Still: Olympia Welles (played by the film’s writer, McKenzie Chinn) and Felix (played by Charles Andrew Gardner). “Olympia” directed by Gregory Dixon. Photo courtesy of Cow Lamp Films.

Angie and Olympia’s tender mother/daughter relationship explore the beginnings and ends to artistic avenues. The characters are alike in the way they visualize success. The cancer has taken a toll on Angie’s mobility and she is only able to leave the hospital room through the poignant vignettes existing in her mind. In gorgeous costume and carefully applied makeup, Angie graces the stage to a full, attentive audience. She stands and holds the microphone, ready to sing. Olympia’s hospital visits to a dying Angie feed Olympia’s desire to stay in Chicago and drown in Angie’s regrets. Angie, however, is the mature authority that encourages Olympia to follow her dreams, to not stay on the path of uncertainty. Olympia refuses to let go.

Olympia’s reluctance then pours into Jemma’s self-doubt and makes the young writer believe that moving to New York City was too huge a risk. This reveals the pros and cons of how creative friendships inadvertently influence each other. Jemma’s fears and doubts are no fault of Olympia’s, but Jemma uses Olympia’s choices as a crutch to her own insecurities. Although Olympia and Jemma will miss always living three minutes away, the best friends know that the healthy distance is a part of growing up and moving forward with their creative endeavors.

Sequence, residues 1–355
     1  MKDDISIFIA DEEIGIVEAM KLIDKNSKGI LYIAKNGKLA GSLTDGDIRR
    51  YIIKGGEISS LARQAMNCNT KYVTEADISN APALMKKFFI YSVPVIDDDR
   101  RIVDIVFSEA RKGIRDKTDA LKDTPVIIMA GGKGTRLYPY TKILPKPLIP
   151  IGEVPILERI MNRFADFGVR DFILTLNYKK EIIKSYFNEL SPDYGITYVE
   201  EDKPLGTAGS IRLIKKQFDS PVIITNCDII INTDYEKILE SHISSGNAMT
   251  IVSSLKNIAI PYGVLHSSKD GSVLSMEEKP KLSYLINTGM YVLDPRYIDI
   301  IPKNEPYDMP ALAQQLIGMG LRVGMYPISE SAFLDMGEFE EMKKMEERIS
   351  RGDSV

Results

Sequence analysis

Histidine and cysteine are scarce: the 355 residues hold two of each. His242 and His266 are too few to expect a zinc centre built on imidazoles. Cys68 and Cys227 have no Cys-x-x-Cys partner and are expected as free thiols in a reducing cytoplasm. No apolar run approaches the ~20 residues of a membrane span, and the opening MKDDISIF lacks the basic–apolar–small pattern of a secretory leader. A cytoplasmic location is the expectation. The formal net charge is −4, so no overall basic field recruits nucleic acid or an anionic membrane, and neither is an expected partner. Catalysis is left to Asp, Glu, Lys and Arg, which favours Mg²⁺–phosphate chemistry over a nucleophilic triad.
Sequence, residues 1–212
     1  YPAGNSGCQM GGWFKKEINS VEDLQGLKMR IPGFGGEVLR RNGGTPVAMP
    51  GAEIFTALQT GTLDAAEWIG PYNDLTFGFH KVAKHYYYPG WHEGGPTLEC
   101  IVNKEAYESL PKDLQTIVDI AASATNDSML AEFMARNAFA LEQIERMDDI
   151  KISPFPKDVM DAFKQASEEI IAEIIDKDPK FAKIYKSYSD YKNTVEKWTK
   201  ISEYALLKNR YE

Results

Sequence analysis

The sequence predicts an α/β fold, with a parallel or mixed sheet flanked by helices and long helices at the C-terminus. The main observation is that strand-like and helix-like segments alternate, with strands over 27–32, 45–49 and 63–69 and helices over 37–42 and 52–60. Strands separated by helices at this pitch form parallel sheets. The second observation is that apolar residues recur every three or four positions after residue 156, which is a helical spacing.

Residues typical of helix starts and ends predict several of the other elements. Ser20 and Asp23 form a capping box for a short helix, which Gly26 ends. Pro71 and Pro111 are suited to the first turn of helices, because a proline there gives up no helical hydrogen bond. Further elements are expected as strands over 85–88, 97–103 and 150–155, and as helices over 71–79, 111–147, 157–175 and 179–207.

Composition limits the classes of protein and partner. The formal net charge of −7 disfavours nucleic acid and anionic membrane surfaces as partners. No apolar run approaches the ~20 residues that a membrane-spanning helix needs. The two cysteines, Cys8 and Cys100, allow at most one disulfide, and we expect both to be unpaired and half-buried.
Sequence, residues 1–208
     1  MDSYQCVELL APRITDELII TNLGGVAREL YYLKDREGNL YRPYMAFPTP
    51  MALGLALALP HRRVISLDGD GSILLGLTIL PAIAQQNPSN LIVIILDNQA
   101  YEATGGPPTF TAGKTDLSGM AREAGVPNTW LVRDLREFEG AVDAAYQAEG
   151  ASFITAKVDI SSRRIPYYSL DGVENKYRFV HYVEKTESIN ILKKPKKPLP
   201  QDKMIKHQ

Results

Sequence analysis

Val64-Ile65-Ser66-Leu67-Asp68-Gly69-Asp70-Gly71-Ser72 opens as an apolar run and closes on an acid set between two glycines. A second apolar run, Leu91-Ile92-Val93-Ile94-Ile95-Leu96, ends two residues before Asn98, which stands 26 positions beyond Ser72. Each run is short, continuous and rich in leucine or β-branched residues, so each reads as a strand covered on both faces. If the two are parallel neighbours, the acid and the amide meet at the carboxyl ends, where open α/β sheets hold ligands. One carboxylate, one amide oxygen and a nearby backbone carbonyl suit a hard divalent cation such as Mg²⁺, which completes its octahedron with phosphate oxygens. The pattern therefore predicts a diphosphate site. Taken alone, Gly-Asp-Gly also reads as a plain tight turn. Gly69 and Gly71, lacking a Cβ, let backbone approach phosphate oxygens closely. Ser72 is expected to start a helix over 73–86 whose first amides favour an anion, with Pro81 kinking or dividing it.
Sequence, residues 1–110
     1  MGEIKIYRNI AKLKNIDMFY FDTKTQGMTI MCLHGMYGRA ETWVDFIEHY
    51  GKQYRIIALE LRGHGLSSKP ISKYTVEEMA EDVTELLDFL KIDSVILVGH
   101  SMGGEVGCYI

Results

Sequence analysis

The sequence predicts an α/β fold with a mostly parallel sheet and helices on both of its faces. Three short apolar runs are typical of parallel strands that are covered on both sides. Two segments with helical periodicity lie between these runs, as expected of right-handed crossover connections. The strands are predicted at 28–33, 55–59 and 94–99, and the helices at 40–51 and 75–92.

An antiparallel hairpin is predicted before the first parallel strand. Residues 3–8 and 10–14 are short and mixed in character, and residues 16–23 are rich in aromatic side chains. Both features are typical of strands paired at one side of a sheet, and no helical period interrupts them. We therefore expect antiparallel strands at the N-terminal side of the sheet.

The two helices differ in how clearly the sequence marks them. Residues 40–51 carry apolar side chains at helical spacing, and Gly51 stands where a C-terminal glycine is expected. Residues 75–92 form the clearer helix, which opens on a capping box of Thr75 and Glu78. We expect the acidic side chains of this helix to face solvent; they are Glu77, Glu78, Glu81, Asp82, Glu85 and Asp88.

McKenzie Chinn, a poet, writer, and educator, stars as Olympia and wrote the script. Chinn’s exceptionally brave and believable rendering of Olympia shapes the existence of the black woman artist fighting to make it in a tough, confined world. In one pivotal scene, Olympia rips a picture of her parents, tapes it back together, and draws and paints the image. Just the act of a black woman drawing and painting is monumentally beautiful and resonates. Chinn also stars in Animator– a film about an artist whose drawings can change the future and delete the past.

Olympia delivers a tenderhearted fiction intertwining humorous animation, euphoric background music, and brilliant color schemes; bridging romance, drama, and visual art with captivating urgency. This hip, authentic film candidly illustrates the plight of the impoverished artist in contemporary society through the small triumphs and pitfalls of Olympia– a constant drawer/doodler/painting heroine whose work is finally visible and valid.

Olympia screened at Lightbox Film Center on Sunday, March 17th as the centerpiece film for the Fifth Annual Philadelphia Women’s Film Festival. For more information about the film, and to find out how you can view “Olympia,” visit the film’s website.

Tags

art school, Charles Andrew Gardner, chicago, Gregory Dixon, If Beale Street Could Talk, Love Jones, McKenzie Chinn, Olympia